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Page last updated at 16:18 GMT, Friday, 10 October 2008 17:18 UK
What Iceland banking crisis means

By Dave Howard
Newsbeat politics reporter

Hamleys toy store in London
Hamleys toy store in London is one of the shops with Icelandic investment

It's thought nearly 1bn of British taxpayers cash is at risk in Iceland.

The country's banking system's collapsed with many local councils' money stashed in accounts there.

Gordon Brown wants the government to protect the cash.

But ask people what they know about Iceland, and you get plenty of of different answers.

One Newsbeat listener said: "Cheap food! I used to work in Iceland. It was easy money!"

Another said: "Iceland is beautiful. I've heard a lot about it. I know people who've been and I want to go."

Political storm

You might think first of the frozen food store but it's the country that's been getting an increasingly frosty reception.

Another Newsbeat listener summed the situation up, when he said: "Iceland is broke. And there's a lot of people's money in risk."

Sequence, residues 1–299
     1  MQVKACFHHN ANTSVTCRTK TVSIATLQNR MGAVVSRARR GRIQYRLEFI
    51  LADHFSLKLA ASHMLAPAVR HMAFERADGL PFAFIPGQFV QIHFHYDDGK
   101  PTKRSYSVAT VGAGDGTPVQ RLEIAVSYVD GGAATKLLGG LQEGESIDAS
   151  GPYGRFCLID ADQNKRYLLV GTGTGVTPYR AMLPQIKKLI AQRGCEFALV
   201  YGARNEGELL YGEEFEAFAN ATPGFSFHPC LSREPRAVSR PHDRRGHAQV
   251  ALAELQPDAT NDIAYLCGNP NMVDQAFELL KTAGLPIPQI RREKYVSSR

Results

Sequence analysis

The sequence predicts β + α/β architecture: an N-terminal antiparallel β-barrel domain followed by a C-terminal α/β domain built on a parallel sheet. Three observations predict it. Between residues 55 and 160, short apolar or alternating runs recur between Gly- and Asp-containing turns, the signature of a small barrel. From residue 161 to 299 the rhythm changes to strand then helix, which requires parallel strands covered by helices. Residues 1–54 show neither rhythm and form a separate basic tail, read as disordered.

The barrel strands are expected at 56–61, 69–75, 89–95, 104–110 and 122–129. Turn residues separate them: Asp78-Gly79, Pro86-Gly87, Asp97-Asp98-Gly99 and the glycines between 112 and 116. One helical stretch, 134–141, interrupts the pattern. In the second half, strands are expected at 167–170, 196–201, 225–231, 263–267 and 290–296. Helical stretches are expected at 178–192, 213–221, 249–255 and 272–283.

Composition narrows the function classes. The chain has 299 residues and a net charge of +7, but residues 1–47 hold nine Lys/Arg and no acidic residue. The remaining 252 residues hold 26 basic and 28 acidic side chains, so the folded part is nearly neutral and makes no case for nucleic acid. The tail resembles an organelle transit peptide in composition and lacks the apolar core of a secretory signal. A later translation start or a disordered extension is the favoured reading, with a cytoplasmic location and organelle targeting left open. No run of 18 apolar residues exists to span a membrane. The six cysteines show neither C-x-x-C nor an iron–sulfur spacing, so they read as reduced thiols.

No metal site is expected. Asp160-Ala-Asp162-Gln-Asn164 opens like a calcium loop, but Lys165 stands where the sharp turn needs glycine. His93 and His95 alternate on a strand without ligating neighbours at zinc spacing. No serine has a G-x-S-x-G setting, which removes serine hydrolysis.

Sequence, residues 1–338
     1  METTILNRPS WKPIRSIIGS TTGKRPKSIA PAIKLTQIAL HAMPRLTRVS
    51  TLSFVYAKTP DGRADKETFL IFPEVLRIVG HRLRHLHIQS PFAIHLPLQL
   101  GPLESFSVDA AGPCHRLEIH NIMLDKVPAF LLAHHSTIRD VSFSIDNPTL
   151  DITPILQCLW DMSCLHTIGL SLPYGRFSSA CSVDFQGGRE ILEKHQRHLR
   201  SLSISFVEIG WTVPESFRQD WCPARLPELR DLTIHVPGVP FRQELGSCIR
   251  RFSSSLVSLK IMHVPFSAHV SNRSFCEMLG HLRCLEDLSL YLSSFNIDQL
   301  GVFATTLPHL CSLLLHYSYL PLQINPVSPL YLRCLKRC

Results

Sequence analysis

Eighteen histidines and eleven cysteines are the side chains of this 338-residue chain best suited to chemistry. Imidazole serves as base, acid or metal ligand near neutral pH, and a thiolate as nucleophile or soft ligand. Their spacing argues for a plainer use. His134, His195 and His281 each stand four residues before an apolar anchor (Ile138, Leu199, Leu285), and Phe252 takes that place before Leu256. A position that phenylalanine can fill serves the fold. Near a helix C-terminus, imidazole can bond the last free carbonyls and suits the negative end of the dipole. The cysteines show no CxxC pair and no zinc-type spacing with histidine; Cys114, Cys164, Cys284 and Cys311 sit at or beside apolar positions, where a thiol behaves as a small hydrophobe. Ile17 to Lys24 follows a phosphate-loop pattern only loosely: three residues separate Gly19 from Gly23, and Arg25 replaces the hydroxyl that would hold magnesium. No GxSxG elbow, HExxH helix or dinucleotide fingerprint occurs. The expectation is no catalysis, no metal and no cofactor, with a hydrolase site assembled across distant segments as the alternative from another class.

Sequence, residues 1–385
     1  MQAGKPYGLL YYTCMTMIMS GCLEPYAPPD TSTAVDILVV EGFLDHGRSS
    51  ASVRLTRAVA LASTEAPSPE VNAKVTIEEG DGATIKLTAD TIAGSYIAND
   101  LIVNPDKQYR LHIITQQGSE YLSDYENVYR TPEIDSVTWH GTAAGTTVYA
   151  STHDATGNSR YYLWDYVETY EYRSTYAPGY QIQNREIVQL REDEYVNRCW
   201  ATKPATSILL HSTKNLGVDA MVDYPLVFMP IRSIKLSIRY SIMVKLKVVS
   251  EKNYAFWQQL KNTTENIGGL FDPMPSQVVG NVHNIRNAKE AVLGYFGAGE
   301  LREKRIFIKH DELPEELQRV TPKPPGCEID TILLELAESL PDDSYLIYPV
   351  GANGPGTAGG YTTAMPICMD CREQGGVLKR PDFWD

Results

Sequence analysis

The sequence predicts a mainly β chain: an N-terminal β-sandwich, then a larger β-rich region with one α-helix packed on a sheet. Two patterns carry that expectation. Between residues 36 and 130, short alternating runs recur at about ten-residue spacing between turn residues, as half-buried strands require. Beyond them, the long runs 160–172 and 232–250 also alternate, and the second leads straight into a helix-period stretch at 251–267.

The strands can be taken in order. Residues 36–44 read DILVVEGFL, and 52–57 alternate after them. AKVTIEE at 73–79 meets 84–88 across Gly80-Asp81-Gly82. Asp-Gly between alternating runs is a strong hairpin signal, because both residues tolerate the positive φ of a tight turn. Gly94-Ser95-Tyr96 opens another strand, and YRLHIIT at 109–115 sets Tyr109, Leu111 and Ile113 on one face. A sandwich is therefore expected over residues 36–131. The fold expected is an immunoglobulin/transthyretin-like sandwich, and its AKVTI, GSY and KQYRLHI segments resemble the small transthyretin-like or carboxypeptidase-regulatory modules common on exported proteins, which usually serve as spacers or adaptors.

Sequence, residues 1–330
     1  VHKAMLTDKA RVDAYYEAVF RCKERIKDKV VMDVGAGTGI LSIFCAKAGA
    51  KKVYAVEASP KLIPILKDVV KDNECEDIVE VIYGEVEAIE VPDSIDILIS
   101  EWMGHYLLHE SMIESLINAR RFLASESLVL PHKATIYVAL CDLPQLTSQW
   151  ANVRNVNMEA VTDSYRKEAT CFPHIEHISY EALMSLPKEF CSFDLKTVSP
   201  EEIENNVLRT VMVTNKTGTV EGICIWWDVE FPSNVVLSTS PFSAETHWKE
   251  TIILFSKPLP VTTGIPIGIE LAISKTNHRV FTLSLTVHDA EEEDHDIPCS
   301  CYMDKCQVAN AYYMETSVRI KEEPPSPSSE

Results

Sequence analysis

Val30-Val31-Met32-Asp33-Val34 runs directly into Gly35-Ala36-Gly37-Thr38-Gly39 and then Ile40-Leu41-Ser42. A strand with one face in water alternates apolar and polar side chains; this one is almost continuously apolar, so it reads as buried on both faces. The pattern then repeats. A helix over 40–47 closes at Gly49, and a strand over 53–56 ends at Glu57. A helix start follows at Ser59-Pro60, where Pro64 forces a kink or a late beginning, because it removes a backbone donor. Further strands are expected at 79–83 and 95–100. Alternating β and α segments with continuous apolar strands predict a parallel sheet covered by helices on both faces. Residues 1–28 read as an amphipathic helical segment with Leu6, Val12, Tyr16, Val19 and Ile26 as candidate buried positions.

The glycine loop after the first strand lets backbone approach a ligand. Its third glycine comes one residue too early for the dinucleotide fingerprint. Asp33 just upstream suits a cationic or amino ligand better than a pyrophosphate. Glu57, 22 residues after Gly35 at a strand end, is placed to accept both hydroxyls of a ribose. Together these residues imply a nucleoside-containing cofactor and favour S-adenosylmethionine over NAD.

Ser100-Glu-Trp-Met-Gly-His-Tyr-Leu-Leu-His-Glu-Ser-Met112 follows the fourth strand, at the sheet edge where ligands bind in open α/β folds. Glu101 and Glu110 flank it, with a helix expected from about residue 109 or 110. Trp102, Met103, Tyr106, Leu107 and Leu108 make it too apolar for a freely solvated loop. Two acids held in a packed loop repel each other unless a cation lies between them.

PM Gordon Brown and Iceland's leaders have been in a war of words after Iceland locked about 1bn of British taxpayers' cash into their collapsing banks.

Icelandic cash
Iceland faces the possibility of its economy going bankrupt
More than 100m belonging to British charities is also locked down in Iceland.

Britain has been threatening to shut down Icelandic business here if they don't free up our cash.

But Iceland's retaliated by saying they're being treated as badly as terrorists.

The UK government says that's rubbish but relations between the two countries are as low as they've been for years.

It also means problems on Britain's high streets and some football supporters.

French Connection, Woolworths, Debenhams and Iceland the supermarket are all backed by Icelandic businesses.

West Ham is substantially backed by an Icelandic businessman called Bjorgolfur Gudmundsson and he's thought to have lost about 200m in the current crisis.

It's just another chapter in a long running story of global money worries.

But until Iceland says it'll give back British cash back, there's no guarantee that Britain won't lose hundreds of millions of taxpayers' pounds that it thought were safely invested.

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